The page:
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22313954

Children, Go Where I Send Thee

By Traditional African-American Spiritual

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Choral SATB Choir, Bass Guitar, Percussion, Piano
Composed by Traditional African-American Spiritual. Arranged by Kevin Phillip Johnson. 20 pages. Duration 4 minutes, 5 seconds. Carl Fischer Music #CM9743. Published by Carl Fischer Music (CF.CM9743).

Item Number: CF.CM9743

ISBN 9781491161562. Key: E minor. English. Iyana Davis. Negro Spiritual with Rap crafter by Ayana Davis.

This Negro Spiritual was made popular by the Golden Gate Quartet in the 1930s. Willie T. Johnson, the lead singer of the group, is the father of Kevin P. Johnson the arranger of this version. The composer, like his father, uses rhythm in exciting new ways to deliver Negro Spirituals to contemporary audiences. The text of this spiritual has been interpreted in many different ways over the years. Here's a popular interpretation of the text. One for the little bitty baby born, born, born in Bethlehem: This refers to the infant Jesus. Two for Paul and Silas: This verse honors Paul and Silas who went on many missionary journeys to spread the teachings of Christ. Three for the Hebrew children: The three Hebrew children could be Shadrach, Meshach and Abednego. Four for the four that stood at the door: Many people interpret the four to be the four writers of the Gospel books - Matthew, Mark, Luke and John, though this does not explain the part about standing at the door. Five for the gospel preachers: The five are Matthew, Mark, Luke, John and Peter. Paul is already mentioned above, in line two. Six for the six that never got fixed: Could this mean the sinners who never change their ways? Seven for the seven that went up to heaven: The seven in heaven could be the seven stars in Ursa Major or the sevenfold spirit of God or the seven early Christian churches or the seven stars in the right hand of Christ mentioned in the Revelation. Eight for the eight that stood at the gate: This could refer to the eight people who entered Noah's ark (Noah, his wife, their three sons and their wives). Nine for the nine that dressed so fine: This could refer to the nine orders of Angels in heaven. Ten for the ten commandments: This refers to the ten commandments given to Moses. Performance notes: Swing the 8th notes Djembe drums should be played freely with flexible precision The rap can be optional The ending solo can be sung down an octave and can be changed to match the ability of the soloist. Do not clap louder than you sing If doing choral movement on the piece, pay attention to detail synchronizing movements as much as possible. While the rap is words in rhythm, if adding one is not possible for your performance, consider a spoken word of your own choosing Have fun!.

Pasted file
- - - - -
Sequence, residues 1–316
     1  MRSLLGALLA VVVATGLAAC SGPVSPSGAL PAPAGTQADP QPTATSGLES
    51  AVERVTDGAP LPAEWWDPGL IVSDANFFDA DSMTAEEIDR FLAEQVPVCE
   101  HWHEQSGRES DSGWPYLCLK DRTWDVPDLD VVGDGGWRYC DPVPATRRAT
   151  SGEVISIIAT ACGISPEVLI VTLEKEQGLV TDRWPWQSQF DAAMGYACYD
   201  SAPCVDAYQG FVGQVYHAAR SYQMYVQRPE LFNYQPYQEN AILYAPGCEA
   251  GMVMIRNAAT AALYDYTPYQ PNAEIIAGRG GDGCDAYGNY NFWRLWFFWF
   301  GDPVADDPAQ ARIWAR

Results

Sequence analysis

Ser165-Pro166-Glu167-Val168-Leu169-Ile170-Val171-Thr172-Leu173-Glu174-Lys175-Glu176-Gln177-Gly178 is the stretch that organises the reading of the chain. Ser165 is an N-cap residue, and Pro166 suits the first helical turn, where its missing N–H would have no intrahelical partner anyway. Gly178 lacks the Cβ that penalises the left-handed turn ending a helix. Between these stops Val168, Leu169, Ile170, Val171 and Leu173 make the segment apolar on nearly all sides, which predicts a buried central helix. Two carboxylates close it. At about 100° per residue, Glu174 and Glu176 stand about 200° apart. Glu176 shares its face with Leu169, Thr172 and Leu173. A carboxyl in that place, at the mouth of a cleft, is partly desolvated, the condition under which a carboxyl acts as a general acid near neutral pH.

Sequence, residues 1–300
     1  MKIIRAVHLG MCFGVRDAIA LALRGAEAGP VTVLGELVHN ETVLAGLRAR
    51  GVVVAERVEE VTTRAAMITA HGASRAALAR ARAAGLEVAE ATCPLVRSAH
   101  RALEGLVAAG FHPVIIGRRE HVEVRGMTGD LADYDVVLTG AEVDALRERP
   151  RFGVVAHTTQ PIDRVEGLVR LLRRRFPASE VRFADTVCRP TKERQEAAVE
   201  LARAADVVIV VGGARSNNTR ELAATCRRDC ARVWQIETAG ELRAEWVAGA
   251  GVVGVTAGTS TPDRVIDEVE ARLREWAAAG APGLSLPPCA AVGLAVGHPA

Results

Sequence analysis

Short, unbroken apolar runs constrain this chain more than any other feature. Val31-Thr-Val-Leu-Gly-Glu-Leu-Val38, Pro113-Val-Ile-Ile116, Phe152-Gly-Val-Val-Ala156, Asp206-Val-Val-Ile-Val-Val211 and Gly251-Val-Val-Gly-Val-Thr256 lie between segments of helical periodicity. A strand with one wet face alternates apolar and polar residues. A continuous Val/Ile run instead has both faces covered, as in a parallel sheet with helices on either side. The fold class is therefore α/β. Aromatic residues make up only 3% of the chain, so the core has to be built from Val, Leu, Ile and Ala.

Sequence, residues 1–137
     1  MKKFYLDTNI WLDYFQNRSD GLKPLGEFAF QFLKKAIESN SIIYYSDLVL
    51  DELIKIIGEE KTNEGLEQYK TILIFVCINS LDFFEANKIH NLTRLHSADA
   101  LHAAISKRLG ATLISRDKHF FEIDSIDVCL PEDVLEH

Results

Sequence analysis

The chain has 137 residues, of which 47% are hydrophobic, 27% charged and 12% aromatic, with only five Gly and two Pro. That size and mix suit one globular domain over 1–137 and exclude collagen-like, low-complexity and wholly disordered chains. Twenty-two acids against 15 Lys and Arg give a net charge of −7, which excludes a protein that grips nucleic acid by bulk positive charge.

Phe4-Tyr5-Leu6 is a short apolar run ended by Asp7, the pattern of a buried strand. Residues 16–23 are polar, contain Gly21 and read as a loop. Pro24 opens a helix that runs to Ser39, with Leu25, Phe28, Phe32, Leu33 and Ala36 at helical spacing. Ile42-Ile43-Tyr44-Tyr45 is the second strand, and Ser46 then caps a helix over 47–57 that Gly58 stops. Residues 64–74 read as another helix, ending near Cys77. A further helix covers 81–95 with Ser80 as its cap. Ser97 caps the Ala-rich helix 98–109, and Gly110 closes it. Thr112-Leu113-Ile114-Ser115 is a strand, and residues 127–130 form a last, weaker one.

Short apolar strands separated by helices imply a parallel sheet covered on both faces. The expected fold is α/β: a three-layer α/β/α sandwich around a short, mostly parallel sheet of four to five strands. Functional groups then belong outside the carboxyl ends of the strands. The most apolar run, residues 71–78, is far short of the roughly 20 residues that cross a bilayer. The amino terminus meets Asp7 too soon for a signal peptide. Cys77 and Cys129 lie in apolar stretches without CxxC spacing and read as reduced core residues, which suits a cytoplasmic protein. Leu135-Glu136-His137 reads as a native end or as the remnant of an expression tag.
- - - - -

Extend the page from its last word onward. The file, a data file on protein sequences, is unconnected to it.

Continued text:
This Negro Spiritual was made popular by the Golden Gate Quartet in the 1930s. Willie T. Johnson, the lead singer of the group, is the father of Kevin P. Johnson the arranger of this version.  The composer, like his father, uses rhythm in exciting new ways to deliver Negro Spirituals to contemporary audiences.The text of this spiritual has been interpreted in many different ways over the  years. Here's a popular interpretation of the text. One for the little bitty baby born, born, born in Bethlehem: This refers to the infant Jesus. Two for Paul and Silas: This verse honors Paul and Silas who went on many missionary journeys to spread the teachings of Christ.  Three for the Hebrew children: The three Hebrew children could be Shadrach, Meshach and Abednego.  Four for the four that stood at the door:  Many people interpret the four to be the four writers of the Gospel books – Matthew, Mark, Luke and John, though this does not explain the part about standing at the door. Five for the gospel preachers: The five are Matthew, Mark, Luke, John and Peter. Paul is already mentioned above, in line two. Six for the six that never got fixed: Could this mean the sinners who never change their ways?  Seven for the seven that went up to heaven: The seven in heaven could be the seven stars in Ursa Major or the sevenfold spirit of God or the seven early Christian churches or the seven stars in the right hand of Christ mentioned in the Revelation. Eight for the eight that stood at the gate: This could refer to the eight people who entered Noah’s ark (Noah, his wife, their three sons and their wives). Nine for the nine that dressed so fine: This could refer to the nine orders of Angels in heaven.  Ten for the ten commandments: This refers to the ten commandments given to Moses.Performance notes: Swing the 8th notes Djembe drums should be played freely with flexible precision The rap can be optional The ending solo can be sung down an octave and can be changed to match the ability of the soloist. Do not clap louder than you sing If doing choral movement on the piece, pay attention to detail synchronizing movements as much as possible. While the rap is words in rhythm, if adding one is not possible for your performance, consider a spoken word of your own choosing Have fun!

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